No matter what brewery or bar you visit these days, you’re almost guaranteed to find at least one IPA on tap. Over the last decade or so, the IPA has become such a crowd favorite that more than one brewery has named their version “Obligatory IPA” (with perhaps more than a hint of annoyance). But there are dozens of beer styles out there, so what’s so special about the IPA? Part of the answer is simple: IPAs are delicious. But that’s not the whole story. The real secret, I suspect, is the versatility of those three humble letters—the sheer range of flavor profiles to which they can apply.

To see what I mean, let’s go back to the basics for a second. Beer, at its heart, is a beverage with only four ingredients: malted grain (usually barley or wheat), hops, yeast, and water. Different varieties of grain and different malting and drying techniques will give you a huge range of malt flavors, from bread to nut to chocolate. Hop varietals also contribute a wide range of flavors, from pungent tropical fruit and citrus to delicate honey and lavender. As for yeast, Belgian strains showcase clove and pepper, German strains can head toward banana, and English strains tend to produce apple and pear. It’s truly impressive how many different flavors can be produced by such a short list of ingredients, and one way to get a grip on different beer styles is to learn where they fall along these basic flavor dimensions. A pilsner, for example, combines a huge cracker-like malt flavor with a heavy dose of bitterness from hops, but keeps the yeast flavors as neutral as possible. A hefeweizen, on the other hand, will showcase banana and clove flavors from its yeast while keeping the hops in the background.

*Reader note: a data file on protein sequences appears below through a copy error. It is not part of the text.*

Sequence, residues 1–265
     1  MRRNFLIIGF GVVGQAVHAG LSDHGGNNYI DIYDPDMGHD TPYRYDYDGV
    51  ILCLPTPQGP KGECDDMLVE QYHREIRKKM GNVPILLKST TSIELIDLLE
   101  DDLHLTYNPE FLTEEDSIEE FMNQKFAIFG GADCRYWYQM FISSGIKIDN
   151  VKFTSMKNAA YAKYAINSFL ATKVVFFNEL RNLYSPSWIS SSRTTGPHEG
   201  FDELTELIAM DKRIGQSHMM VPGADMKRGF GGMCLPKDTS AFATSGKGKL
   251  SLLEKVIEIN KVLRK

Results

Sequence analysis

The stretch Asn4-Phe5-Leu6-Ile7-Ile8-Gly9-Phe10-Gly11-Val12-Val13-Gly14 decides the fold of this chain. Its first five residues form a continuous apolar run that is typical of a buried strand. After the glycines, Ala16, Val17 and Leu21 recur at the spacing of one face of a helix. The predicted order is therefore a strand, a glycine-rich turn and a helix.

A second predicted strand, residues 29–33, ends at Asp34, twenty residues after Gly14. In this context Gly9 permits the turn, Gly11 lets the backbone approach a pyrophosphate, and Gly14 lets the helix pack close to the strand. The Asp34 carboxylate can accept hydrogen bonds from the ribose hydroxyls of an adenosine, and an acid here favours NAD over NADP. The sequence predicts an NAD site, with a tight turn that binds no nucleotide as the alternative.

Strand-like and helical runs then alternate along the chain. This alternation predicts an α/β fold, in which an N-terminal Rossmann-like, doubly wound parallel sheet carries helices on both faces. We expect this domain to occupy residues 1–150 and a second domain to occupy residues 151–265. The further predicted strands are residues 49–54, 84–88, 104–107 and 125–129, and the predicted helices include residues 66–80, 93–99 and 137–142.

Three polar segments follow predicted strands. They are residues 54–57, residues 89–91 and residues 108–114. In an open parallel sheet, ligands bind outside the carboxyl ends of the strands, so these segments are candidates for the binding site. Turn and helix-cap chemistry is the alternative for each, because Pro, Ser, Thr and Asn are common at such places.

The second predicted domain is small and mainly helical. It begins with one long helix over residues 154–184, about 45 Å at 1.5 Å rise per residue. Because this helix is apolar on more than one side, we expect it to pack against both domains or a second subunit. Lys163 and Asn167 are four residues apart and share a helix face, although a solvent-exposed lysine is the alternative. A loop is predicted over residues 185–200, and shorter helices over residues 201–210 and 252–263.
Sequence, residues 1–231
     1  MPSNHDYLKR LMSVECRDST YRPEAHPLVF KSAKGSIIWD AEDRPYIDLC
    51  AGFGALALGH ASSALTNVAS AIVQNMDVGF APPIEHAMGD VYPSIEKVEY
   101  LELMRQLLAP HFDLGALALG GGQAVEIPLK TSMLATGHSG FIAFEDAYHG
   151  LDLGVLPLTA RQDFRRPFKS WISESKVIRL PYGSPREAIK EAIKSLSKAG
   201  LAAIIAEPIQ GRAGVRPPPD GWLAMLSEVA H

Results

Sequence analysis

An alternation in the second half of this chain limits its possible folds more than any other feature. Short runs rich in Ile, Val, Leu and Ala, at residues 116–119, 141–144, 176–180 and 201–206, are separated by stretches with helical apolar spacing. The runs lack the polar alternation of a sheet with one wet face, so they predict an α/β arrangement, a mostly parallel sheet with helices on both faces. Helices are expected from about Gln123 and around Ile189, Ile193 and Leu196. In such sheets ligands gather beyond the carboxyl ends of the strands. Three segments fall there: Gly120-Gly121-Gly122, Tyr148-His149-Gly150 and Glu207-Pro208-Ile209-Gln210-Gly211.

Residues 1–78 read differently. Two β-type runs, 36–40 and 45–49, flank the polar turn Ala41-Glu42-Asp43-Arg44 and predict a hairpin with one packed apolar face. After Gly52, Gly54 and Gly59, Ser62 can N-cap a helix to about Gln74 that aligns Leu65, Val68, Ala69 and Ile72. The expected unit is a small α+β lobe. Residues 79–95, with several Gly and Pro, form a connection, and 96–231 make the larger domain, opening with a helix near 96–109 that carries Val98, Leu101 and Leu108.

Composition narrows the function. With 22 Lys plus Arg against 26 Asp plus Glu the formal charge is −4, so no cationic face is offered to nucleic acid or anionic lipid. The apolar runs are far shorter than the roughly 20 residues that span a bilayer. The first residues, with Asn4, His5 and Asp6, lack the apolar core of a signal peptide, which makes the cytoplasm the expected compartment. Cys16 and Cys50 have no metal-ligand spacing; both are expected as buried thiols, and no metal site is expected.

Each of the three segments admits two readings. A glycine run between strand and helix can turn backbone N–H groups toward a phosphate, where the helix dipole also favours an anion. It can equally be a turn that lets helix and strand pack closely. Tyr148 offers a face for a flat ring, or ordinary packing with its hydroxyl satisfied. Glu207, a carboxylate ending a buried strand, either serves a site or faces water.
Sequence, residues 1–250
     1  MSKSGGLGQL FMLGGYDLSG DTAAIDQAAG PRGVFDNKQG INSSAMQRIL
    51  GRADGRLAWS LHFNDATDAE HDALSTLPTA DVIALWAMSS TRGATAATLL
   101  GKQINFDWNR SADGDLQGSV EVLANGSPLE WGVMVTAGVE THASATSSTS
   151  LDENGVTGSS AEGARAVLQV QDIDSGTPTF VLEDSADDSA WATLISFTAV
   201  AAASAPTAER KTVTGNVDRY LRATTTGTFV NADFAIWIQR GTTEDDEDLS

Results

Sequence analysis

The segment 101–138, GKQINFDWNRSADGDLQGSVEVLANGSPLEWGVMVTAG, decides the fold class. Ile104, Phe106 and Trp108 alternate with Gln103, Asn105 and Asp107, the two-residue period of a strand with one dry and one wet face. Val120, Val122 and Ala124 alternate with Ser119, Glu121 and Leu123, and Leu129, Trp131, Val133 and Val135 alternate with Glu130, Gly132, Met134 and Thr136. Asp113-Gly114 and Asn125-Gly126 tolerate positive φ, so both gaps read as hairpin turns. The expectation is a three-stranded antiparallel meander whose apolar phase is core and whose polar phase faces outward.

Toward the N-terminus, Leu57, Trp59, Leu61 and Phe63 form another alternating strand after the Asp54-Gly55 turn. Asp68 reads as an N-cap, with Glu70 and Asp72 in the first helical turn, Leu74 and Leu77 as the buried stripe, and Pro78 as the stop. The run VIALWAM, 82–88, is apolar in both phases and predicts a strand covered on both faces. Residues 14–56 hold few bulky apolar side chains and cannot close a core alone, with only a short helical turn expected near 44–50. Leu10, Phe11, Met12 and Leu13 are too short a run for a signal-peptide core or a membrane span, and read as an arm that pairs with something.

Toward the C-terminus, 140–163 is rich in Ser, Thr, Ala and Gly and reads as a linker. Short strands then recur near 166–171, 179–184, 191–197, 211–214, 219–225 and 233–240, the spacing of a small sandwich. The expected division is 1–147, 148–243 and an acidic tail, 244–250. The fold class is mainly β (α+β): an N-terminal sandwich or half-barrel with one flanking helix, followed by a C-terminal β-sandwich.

So where do IPAs fall on this flavor spectrum? Well, their signature move is to showcase hops, but that’s really all you can say for sure about them. There are black IPAs and red IPAs that bring deeper malt flavors into the picture, and there are Belgian IPAs that play up the yeast character. Even if you let the other ingredients recede into the background, there are still different ways that hops can be used in the brewing process, leading to vastly different flavors. Put a lot of them at the beginning of the process and you end up with a high-IBU (i.e., very bitter) IPA. Put them all at the end of the process and you’ll end up with a somewhat sweet and juicy IPA (otherwise known as the “hazy” IPA).

In other words, the acronym “IPA” is not so much a beer style as much as a general category of styles, collecting just about all the ales that are “hop-focused.” The term doesn’t contrast with “hefeweizen” or “pilsner” but rather with the more general categories of “malt-focused” or “yeast-focused.” (Even its original designation—the beer originally called India Pale Ale, which was shipped to India from Britain starting in the 18th century—was distinguished primarily by its large quantity of hops, which helped to preserve the beer on its journey east.) What that means is that there’s basically an IPA out there for everyone, no matter whether your taste buds prefer bitter, sweet, or sour.

So, the solution to the mystery of the IPA’s popularity turns out to be a bit anticlimactic. IPAs are all over the place because they aren’t just one style of beer; rather, they are dozens of styles that all fly the same hop-emblazoned flag. Here at home, you can get a good sense of the IPA umbrella by comparing Boundary Bay’s IPA with Wander’s Right Here Right Now Hazy IPA with Kulshan’s Black Peak IPA. Each different, all delicious.

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"The real secret, I suspect, is the versatility of those three humble letters—the sheer range of flavor profiles to which they can apply."